> Automated mesh smoothing operations like filleting, beveling, and spline
> fitting are things that people want, but that aren't available in OpenSCAD.

Fillets in particular I really like to include in most of my designs.
I usually end up building a 2d profile from arcs, then linear or
rotate extruding it.
double_fillet was my attempt to make slightly easier to generalize
some tricky cases of fillets, but I still wouldn't consider it
"automated" by any means; you have to build the fillets into your
model from the beginning.

The best sort of automated fillet approach I've seen would be a blend
function used by a SDF(signed distance function) based renderer, (like
Doug Moen is doing with Curv: https://github.com/doug-moen/curv ,
another exciting project) but SDF is a complete paradigm shift that I
don't think would be practical to attempt implementing in OpenSCAD.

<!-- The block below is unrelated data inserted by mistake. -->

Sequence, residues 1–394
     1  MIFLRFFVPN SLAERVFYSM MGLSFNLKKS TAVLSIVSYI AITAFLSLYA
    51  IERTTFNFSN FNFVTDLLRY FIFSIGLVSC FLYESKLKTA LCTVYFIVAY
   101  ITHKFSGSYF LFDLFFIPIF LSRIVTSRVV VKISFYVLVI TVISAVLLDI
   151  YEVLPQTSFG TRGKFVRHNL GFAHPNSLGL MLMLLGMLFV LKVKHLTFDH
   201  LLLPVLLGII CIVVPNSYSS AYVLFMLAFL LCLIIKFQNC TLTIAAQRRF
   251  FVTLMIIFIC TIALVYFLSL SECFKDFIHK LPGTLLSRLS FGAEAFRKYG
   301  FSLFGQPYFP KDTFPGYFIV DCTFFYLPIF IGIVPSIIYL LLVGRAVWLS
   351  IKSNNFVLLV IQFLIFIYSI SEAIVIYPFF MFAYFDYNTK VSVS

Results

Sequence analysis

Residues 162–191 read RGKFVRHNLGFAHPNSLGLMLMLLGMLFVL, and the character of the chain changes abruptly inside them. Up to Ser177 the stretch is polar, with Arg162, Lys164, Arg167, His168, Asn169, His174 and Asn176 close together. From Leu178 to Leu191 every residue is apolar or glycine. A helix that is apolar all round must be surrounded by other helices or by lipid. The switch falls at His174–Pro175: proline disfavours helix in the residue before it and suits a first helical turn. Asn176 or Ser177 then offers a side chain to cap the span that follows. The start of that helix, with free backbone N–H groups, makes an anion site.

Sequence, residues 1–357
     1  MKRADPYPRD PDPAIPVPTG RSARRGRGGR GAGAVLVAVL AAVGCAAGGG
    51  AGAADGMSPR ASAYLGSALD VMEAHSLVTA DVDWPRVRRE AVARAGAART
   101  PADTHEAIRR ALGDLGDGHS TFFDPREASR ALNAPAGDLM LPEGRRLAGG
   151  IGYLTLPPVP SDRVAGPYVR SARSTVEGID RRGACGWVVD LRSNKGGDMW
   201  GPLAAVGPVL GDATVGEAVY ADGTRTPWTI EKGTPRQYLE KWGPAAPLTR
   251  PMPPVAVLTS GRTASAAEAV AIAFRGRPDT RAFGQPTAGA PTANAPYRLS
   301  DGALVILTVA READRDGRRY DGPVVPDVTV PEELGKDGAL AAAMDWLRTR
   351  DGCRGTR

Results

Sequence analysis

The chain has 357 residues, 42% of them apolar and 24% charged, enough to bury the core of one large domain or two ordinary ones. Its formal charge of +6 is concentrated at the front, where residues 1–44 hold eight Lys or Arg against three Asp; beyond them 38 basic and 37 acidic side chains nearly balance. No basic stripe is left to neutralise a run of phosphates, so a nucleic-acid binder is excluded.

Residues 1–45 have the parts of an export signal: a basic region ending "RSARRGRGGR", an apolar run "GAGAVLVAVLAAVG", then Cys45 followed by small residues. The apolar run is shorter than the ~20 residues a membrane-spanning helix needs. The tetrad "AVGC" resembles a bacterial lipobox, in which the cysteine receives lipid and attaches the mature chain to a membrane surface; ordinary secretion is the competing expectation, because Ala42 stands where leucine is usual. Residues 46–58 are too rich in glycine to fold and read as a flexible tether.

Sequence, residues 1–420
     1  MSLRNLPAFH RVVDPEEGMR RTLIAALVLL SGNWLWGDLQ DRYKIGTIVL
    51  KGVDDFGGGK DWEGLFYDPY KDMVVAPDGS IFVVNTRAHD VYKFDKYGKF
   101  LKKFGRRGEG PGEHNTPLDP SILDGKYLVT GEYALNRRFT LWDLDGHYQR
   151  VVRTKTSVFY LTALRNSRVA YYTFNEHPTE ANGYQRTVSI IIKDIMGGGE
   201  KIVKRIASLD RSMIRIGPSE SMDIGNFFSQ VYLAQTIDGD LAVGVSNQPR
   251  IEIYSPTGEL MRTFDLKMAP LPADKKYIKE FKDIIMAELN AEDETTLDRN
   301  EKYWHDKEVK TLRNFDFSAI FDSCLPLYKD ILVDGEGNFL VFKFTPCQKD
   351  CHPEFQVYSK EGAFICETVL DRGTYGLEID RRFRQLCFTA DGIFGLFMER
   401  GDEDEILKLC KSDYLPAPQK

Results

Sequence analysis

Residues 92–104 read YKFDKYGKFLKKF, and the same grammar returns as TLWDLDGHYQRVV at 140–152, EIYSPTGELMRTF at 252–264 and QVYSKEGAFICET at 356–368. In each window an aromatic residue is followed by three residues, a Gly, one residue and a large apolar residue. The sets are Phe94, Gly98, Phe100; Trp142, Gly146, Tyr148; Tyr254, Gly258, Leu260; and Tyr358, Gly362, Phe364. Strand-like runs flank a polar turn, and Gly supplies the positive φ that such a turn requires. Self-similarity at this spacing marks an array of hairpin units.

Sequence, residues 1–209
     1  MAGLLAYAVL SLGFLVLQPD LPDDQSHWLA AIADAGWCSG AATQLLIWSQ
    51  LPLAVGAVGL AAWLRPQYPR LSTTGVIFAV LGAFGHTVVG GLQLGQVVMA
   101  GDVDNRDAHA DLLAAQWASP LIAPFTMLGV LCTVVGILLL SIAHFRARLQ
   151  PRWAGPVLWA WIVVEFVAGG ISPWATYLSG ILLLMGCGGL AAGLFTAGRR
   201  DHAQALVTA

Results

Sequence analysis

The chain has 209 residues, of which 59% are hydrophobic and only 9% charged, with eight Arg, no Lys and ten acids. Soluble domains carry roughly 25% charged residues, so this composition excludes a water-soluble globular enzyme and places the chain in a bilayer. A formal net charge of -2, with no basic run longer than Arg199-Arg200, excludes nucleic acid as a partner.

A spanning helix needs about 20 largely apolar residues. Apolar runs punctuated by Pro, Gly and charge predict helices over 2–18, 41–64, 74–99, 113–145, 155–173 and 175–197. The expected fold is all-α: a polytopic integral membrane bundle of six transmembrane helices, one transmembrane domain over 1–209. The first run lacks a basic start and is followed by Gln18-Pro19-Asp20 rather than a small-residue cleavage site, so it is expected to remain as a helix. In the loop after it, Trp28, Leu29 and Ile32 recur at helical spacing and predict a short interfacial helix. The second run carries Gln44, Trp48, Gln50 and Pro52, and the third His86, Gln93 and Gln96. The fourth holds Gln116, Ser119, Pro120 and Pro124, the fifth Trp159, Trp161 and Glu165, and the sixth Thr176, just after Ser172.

-Hans

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Re: Functional OpenSCAD, working with vertex data

NateTG
> I agree that some form mesh validation would be pretty handy, but I'm
> not well versed in relevant algorithms for that sort of thing.

It's super simple.   I'll just write it up and submit it on github.

> ... I've *heard* of delaunay triangulation, for
example, but have never attempted to implement it myself. ...

Delauney triangulation and voronoi diagrams are for things like finding
nearest neighbors.   Polygon triangulation involves different algorithms.  (
https://en.wikipedia.org/wiki/Polygon_triangulation )

I'll submit a simple stupid one on github.

> ... Projective transform is already possible using a 4x4 matrix though,
> right? ...

It is possible with 4x4 matrices but not supported in OpenSCAD.

https://en.wikibooks.org/wiki/OpenSCAD_User_Manual/Transformations#multmatrix

"...the fourth row is used in 3D environments to define a view of the
object. it is not used in OpenSCAD and should be [0,0,0,1]..."

(I thought it was too, but realized it wasn't after suggesting it as an
improvement in the 'bend algorithm' that uses intersections and multmatrix.
https://github.com/openscad/openscad/issues/815 )

P.S.:

A 2-3 tree is a self-balancing tree.  It's a data structure for searchable
lists.

https://en.wikipedia.org/wiki/Self-balancing_binary_search_tree